The Government of Canada is undertaking an extensive rehabilitation of the Parliament Buildings in Ottawa. The West Block and Centre Block will all undergo intensive interior and exterior upgrades throughout the buildings, and extensive work is also being done on the building grounds and support structures.
The West Block, the first scheduled for completion, has included repairs to the exterior masonry, replacement of electrical, mechanical, and life-safety systems, asbestos abatement, window and door replacement, structural reinforcement, and technology upgrades to modern standards.
In June 2021, Public Services and Procurement Canada (PSPC) released the final design, scope, and anticipated timelines for completing the project, saying that the current estimate is that it will cost between $4.5 billion and $5 billion.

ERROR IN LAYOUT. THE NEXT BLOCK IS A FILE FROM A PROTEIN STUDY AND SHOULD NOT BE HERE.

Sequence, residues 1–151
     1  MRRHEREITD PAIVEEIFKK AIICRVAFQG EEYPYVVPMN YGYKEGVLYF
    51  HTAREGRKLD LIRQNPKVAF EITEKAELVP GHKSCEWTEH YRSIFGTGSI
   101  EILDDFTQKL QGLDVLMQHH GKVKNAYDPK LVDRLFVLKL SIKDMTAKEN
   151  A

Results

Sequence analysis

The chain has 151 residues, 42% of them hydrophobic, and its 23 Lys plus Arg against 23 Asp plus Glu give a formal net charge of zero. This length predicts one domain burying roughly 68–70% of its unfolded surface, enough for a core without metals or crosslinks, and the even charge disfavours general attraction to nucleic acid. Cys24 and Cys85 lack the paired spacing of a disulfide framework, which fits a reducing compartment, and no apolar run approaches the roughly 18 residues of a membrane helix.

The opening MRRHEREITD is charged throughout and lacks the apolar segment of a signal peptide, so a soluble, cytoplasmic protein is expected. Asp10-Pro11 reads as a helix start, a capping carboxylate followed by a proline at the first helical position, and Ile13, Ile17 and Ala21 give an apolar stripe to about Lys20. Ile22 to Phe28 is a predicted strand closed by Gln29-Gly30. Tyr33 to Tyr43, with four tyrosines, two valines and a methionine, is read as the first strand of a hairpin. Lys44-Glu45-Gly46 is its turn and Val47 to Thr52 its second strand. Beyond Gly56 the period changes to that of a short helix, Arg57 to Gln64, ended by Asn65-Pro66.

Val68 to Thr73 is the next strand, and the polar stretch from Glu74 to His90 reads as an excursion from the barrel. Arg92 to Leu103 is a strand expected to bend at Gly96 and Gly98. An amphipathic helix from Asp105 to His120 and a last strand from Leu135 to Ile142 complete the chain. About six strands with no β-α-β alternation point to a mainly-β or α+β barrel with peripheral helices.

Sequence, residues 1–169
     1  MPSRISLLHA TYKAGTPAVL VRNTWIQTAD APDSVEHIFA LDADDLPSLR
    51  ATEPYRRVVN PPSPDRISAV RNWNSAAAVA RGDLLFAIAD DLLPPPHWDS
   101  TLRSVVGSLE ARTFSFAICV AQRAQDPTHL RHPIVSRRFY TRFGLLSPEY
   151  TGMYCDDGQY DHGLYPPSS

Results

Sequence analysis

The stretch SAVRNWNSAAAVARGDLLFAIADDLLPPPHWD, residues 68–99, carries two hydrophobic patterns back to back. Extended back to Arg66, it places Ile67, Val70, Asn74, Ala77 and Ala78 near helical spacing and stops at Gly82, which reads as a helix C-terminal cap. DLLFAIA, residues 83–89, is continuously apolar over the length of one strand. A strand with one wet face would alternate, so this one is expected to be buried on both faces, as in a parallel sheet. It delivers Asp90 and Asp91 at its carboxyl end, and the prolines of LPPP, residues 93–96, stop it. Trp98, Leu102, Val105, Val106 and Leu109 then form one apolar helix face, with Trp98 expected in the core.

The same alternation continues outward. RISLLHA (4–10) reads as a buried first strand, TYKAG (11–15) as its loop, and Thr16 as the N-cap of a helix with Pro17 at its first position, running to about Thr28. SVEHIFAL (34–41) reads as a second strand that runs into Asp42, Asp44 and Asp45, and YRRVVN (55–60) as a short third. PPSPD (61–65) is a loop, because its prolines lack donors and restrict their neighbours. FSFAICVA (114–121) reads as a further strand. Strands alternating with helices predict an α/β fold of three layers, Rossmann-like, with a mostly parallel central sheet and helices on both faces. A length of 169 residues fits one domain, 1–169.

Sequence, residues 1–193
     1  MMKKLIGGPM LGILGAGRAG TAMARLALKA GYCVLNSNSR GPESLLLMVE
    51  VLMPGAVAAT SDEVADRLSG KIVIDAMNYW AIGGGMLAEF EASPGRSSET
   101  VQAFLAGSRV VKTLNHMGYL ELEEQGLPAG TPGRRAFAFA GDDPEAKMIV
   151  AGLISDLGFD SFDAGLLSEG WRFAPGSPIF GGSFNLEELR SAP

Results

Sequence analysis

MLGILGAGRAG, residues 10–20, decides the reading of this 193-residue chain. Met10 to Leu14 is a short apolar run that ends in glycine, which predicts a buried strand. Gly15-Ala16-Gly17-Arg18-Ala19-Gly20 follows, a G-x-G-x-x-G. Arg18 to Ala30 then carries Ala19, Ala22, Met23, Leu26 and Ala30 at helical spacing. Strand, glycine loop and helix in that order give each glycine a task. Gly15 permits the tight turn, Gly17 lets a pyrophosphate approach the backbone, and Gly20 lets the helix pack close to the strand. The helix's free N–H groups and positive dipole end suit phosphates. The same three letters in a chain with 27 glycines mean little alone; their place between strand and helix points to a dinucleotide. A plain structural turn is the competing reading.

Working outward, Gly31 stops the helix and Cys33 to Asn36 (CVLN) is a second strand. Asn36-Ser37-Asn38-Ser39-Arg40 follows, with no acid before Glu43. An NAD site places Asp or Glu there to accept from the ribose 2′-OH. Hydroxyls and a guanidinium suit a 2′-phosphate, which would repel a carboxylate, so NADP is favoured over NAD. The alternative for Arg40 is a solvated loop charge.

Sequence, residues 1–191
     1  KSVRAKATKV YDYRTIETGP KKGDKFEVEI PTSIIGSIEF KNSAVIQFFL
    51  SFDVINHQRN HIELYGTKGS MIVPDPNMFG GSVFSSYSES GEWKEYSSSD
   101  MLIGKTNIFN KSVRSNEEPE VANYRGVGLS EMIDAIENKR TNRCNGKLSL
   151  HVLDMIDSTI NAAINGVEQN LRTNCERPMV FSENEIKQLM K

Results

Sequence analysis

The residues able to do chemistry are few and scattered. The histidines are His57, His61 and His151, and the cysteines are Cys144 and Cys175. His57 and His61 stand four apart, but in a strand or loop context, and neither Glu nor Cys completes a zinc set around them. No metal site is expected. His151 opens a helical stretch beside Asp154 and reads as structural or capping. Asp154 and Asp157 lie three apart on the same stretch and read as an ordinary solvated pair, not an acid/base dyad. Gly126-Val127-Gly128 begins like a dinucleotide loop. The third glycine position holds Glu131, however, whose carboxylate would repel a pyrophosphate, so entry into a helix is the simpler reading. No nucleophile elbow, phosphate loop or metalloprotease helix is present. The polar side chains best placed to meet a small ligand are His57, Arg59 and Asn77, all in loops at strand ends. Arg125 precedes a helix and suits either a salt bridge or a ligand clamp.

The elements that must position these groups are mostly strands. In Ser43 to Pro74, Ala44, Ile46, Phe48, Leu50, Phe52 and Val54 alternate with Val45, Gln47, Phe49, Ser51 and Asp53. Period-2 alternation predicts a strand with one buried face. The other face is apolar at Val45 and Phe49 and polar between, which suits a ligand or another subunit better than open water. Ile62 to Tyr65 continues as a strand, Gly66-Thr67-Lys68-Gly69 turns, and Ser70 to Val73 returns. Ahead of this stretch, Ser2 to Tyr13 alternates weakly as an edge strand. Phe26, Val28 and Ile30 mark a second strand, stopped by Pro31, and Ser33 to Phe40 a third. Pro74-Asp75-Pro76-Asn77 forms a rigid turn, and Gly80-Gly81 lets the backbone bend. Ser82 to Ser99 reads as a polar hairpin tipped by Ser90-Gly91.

Citing the ongoing risk of unforeseen complications, PSPC said that the “major construction” is anticipated to be completed within the 2030-31 year. Though, it could be another year before officials can move back in because “significant” testing will be needed to make sure the chambers and committee rooms are ready to be used, once the renovation is complete.
To date, the Treasury Board has approved an investment of $4.7 billion dollars for the delivery of the Long Term Vision and Plan for the Parliamentary Precinct, of which $3 billion was spent as of March 31, 2018. Included within the approved funding are major projects such as the rehabilitation of the West Block, Visitor Welcome Centre Phase 1, Government Conference Centre, Sir John A Macdonald Building, the Wellington Building, along with the initial spending authority for the rehabilitation of the Centre Block, the East Block, 100 Wellington, and funding for other projects in the Parliamentary Precinct.